Dr. Robert Cook - Is It Bad For You? Approved by Dr. Robert Cook

Is Chicken Soup Bad For You?

Also Known As: Chicken broth, Chicken stew



Short answer

Chicken soup can be both good and bad for you. Homemade versions with low-sodium broth, fresh veggies, and controlled salt can be healthy. However, traditional recipes may have high sodium levels that contribute to heart disease risk. Store-bought soups often contain preservatives, which some studies link to health concerns. Bone broth in the soup provides valuable nutrients, but watch for calorie content. Balance macronutrients by using lean protein, healthy fats, and complex carbs.



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Long answer

Sodium Content in Traditional Chicken Soup Recipes

The humble bowl of chicken soup has been a staple in many cultures, lauded for its comfort and supposed healing properties during cold and flu seasons. However, when discussing the healthfulness of chicken soup, a critical component to consider is the sodium content, which can significantly impact the nutritional value of this comfort food.

Traditional chicken soup recipes often call for ingredients such as store-bought chicken broth, canned vegetables, or seasoning mixes, all of which can contribute to a high sodium intake. The dietary guidelines recommend that adults consume no more than 2,300 milligrams of sodium per day, which can easily be exceeded with just a single serving of chicken soup if not carefully prepared.

Examining Sodium Sources:

  • Broth/Bouillon: Commercial chicken broths can carry between 500 to 800 milligrams of sodium per cup. Concentrated bouillon or stock cubes are also notably high in sodium.
  • Canned Vegetables: If used in the soup, canned vegetables bring along their preserving liquids, which are often brimming with sodium to enhance shelf life and flavor.
  • Seasonings: Packaged soup mixes and seasoning packets, while convenient, are frequently laden with salt, contributing to increased sodium levels in the final dish.

Given these common contributors to sodium content, consumers should be aware of the potential risks associated with high-salt diets. Consistently high sodium intake is linked with increased risk of hypertension, heart disease, and stroke, according to the CDC. It is, therefore, essential to consider these factors when consuming chicken soup, especially for those with existing health concerns or dietary restrictions related to sodium.

Alternative Choices for Sodium Reduction:

  • Low-Sodium Broths: Opting for low-sodium or no-salt-added chicken broths can significantly reduce the overall sodium content.
  • Fresh Vegetables: Using fresh vegetables instead of canned ones not only lowers sodium but also enhances the soup's nutritional value.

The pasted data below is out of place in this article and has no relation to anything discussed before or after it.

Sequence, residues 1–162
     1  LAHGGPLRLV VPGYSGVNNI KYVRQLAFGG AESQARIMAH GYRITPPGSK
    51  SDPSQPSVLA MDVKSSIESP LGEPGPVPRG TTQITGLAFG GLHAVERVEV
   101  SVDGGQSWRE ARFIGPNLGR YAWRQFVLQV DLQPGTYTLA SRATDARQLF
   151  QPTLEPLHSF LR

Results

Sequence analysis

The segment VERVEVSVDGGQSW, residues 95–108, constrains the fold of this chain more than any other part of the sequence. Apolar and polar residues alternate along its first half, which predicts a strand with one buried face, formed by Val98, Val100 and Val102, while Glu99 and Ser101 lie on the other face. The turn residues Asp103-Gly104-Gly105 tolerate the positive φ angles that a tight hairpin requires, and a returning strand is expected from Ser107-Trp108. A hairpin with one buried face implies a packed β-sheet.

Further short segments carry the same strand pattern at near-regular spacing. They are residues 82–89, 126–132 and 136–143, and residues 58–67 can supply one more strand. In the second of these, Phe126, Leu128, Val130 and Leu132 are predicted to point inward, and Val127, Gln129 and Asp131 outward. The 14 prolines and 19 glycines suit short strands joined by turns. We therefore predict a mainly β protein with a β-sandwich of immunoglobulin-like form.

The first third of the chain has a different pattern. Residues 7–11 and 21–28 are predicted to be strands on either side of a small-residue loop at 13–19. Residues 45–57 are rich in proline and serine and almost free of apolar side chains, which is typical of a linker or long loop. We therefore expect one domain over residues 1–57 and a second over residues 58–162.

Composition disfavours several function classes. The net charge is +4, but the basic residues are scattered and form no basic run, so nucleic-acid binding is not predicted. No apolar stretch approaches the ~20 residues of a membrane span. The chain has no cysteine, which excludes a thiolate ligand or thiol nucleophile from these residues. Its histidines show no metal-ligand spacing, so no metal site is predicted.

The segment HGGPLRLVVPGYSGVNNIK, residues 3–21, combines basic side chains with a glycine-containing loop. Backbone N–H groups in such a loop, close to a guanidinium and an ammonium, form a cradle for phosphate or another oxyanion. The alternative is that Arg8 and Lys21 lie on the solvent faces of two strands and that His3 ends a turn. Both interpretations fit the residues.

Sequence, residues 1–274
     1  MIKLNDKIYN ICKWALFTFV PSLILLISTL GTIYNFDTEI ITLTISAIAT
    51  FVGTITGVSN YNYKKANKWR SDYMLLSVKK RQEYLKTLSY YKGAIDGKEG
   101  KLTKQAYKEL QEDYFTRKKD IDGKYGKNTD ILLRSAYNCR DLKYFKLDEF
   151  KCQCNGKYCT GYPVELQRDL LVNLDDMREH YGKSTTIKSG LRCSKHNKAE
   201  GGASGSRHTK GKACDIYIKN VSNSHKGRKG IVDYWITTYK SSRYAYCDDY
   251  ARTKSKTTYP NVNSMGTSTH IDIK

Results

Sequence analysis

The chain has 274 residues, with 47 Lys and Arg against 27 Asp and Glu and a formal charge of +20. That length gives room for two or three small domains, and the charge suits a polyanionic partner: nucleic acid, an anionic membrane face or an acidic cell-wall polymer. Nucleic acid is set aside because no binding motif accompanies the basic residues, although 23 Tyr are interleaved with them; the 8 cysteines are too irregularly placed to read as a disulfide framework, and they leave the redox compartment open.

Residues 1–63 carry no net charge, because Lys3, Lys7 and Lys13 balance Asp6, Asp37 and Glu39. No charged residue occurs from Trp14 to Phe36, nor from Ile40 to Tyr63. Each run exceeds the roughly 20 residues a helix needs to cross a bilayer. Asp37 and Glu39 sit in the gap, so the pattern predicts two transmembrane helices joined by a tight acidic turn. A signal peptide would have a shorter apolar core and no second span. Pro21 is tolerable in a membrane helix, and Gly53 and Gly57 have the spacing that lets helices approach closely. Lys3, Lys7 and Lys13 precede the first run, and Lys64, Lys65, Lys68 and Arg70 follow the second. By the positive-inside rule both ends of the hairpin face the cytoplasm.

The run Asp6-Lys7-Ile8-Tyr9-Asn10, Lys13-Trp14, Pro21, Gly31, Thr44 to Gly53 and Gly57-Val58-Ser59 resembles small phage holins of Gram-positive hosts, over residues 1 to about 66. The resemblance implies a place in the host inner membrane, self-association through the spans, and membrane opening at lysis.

• Herbs and Spices: Flavoring the soup with a blend of herbs and spices, such as thyme, rosemary, garlic, and black pepper, can provide robust taste without the added salt.

When examining labels, it's wise to note that terms like "reduced sodium" do not equate to low sodium. Products labeled as "reduced sodium" simply contain less sodium than the original product, which may still be too high for those monitoring their intake.

Homemade Integrations:

  • Homemade Broth: Preparing a homemade chicken broth allows for complete control over the amount of salt added.
  • Portion Control: Consumers can better manage their sodium intake by being mindful of serving sizes and not treating chicken soup as an all-you-can-eat meal.
  • Natural Flavor Enhancers: Ingredients like lemon juice, bay leaves, and onions can elevate the taste of soup while circumventing the need for added salt.

For those looking to monitor or reduce their sodium consumption, it's vital to look beyond the traditional recipes and make modifications that prioritize health without sacrificing flavor. Awareness of sodium content in chicken soup is a step towards mindful eating habits and better health outcomes.

Bone Broth Benefits: Nutrients from Chicken Soup

When pondering the health implications of chicken soup, the spotlight often shines on its base: the bone broth. Bone broth, a liquid derived from simmering bones, marrow, and connective tissues, has become a staple for many seeking its array of potential benefits. Let's delve into the nutritional profile of bone broth and understand its role in the diet.

The pivotal aspect of bone broth is its mineral content. Minerals like calcium, phosphorus, magnesium, and potassium are leached from the bones during the slow cooking process. These are essential for maintaining strong bones, regulating heartbeat, and ensuring muscle function.